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SETI pioneer Frank Drake has died, aged 92

By T.K. Randall
September 5, 2022 · Comment icon 4 comments

Frank Drake 1930-2022. Image Credit: YouTube / SETI Institute
One of the pioneers of the modern field of the search for extraterrestrial intelligence has sadly passed away.
Born in Chicago on May 28th, 1930, Drake expressed an interest in electronics and chemistry from an early age.

As a young man he enrolled at Cornell University on a Navy Reserve Officer Training Corps scholarship and served as a ship's electrician for a time aboard the U.S.S. Albany before enrolling at Harvard University as a graduate student in radio astronomy.

He had always had a fascination with the idea of life elsewhere in the universe and had concluded at a young age that it was likely that other civilizations existed out there in the cosmos.

This interest would ultimately see him become one of the pioneers of SETI ( the Search for Extraterrestrial Intelligence ) alongside the likes of Giuseppe Cocconi and Carl Sagan.

Drake's first SETI experiment, which began in 1959, was known as Project Ozma and involved using the National Radio Astronomy Observatory (NRAO) in Green Bank, West Virginia to hunt for alien signals coming from the Tau Ceti and Epsilon Eridani star systems.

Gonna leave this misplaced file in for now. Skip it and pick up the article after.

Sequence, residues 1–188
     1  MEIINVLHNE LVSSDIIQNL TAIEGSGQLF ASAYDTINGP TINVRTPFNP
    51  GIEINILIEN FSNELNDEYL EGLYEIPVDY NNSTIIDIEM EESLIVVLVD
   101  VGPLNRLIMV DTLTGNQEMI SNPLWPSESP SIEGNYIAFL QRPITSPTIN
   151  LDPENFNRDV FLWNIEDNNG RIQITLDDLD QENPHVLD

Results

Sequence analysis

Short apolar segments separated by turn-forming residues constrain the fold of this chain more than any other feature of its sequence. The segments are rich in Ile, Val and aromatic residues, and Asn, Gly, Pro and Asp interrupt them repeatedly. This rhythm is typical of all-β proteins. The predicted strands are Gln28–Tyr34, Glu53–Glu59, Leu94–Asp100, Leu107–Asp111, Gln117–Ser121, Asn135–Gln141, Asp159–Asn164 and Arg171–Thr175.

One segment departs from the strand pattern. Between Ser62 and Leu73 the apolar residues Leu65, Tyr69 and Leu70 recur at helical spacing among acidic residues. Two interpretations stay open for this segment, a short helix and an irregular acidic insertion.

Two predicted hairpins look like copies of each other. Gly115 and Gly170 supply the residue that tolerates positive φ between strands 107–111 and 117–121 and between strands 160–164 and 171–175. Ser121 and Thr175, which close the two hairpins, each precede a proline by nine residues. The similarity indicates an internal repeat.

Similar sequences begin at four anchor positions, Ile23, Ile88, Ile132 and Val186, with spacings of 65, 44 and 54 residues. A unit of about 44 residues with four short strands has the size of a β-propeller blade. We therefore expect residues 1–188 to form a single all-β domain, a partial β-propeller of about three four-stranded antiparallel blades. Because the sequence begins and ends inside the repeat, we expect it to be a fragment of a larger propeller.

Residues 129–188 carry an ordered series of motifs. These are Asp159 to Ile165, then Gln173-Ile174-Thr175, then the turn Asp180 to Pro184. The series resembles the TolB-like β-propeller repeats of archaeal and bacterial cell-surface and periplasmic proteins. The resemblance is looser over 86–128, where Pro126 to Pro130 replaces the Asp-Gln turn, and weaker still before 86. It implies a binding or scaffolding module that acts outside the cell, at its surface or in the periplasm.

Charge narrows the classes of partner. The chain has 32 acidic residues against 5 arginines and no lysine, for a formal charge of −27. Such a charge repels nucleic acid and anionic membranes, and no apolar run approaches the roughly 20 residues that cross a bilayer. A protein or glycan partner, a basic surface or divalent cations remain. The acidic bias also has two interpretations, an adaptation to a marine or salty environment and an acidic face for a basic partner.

In 1961, he came up with the famous Drake equation which provided a means with which to calculate the potential number of intelligent extraterrestrial civilizations that might exist in our galaxy.

In 1972, he worked on the famous Pioneer plaque - the first physical message sent into space that had been designed to be understood by an intelligent alien civilization.

He also wrote the Arecibo message which, in 1974, was the first interstellar message transmitted directly from Earth.

Throughout his long life, he served in numerous roles ranging from section chief of Lunar and Planetary Science at the Jet Propulsion Laboratory to dean of Natural Sciences at the University of California at Santa Cruz.

He will always be remembered, however, for his pioneering work on the search for intelligent alien life.

Source: | Comments (4)

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Recent comments on this story
Comment icon #1 Posted by jethrofloyd 2 years ago
Another one probability should be added to the Drake equation. The number of 'planets' in Milky Way which are actually photographed pieces of the chorizo.
Comment icon #2 Posted by badeskov 2 years ago
Hi Jethro,   why do you think that is?
Comment icon #3 Posted by jethrofloyd 2 years ago
Comment icon #4 Posted by Trelane 2 years ago

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